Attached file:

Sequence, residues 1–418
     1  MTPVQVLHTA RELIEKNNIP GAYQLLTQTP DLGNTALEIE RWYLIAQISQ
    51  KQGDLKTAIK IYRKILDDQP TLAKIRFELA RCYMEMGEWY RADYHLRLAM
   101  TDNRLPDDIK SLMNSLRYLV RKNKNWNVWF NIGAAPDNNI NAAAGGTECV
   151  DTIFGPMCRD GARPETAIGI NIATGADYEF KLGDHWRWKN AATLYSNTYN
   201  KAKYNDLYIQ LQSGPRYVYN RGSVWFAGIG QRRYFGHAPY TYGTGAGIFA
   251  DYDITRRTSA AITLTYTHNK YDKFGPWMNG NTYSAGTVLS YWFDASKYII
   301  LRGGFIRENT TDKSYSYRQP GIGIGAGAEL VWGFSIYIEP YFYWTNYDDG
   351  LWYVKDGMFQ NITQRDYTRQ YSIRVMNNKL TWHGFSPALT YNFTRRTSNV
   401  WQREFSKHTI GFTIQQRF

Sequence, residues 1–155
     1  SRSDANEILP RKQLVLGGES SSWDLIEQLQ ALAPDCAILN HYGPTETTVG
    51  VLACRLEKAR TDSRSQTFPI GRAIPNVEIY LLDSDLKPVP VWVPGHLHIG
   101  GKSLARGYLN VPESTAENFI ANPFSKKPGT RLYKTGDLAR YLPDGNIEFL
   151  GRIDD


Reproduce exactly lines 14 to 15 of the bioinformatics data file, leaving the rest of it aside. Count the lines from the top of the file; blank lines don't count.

   101  GKSLARGYLN VPESTAENFI ANPFSKKPGT RLYKTGDLAR YLPDGNIEFL
   151  GRIDD